It’s the time of year when the grass along the roadside is burnt yellow. The fireweed is in flower and the goldenrod and aster, the apple trees are dropping apples and the wasps are thick around the golden plums. Full ripe summer, and this year it’s dry and hot here. I love the dry fields and the tough, hardy weeds that stand out in bright green where the softer plants have shrivelled. I remember going to get the cows, when I was a kid, walking barefoot along the cowpath, the dust puffing up with every step. The cows and I walked here and there through a kind of tunnel made of blackberries and you could reach out and help yourself. The cows ate blackberries at times, and cowdrool mixed with blackberry juice was as icky to step in as fresh cowpies.

There were wasps that lived in the dry dirt of an old gravel pit in the back of my Dad’s place and we would poke sticks down the little holes and then run like hell when they came out. We called the old gravel pit Dead Horse Gulch. Right smack in the middle of it was what they call an “erratic”, a huge boulder dropped there by a glacier ages ago. That rock served many purposes in our play, but one of the best things it did was to be warm and covered with moss on top and you could lie there and look straight up into the sky. It was a bit of a tussle to get up, since it overhung itself and you had to swing up, but it was worth it. Now there are million dollar houses built in Dead Horse Gulch, and I wonder what they did with the rock? Dynamite, I guess. It was too big to be a landscape feature.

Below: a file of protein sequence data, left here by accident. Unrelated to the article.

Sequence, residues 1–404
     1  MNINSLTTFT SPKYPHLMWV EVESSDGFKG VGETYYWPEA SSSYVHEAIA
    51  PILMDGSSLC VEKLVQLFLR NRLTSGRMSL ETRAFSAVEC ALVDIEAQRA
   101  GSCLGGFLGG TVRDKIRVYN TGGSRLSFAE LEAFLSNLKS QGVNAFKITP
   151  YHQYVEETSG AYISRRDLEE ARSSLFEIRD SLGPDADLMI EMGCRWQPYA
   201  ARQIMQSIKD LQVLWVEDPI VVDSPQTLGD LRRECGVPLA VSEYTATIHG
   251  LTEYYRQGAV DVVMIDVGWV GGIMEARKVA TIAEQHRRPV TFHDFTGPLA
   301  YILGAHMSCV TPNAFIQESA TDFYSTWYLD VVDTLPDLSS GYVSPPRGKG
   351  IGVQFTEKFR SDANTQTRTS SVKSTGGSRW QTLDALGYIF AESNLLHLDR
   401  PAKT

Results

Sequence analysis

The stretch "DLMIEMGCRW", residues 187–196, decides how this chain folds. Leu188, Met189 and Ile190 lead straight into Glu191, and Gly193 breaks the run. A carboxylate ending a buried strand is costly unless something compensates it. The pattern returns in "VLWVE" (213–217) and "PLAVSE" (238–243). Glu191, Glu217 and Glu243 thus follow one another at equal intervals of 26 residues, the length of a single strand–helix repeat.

In my front yard the Yellow Transparent apple tree is dropping apples. They make the best apple pie going, the Yellow Transparents. I made a pie the other day and it was much admired. Pretty soon there will be blackberries and I’ll take a pair to my Mum’s family picnic. I always think of my uncle Bert when I make blackberry pies, he used to fuss over them and eat about five pieces and why I never told uncle Bert how much that meant to me, I’ll never know.

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PostPosted: Sun Jul 30, 2006 8:09 am 
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Vison, you write so well that those almost seem like my memories - thank you.


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PostPosted: Sun Jul 30, 2006 3:20 pm 
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Location: beachcombing, or hiking, or dragon boating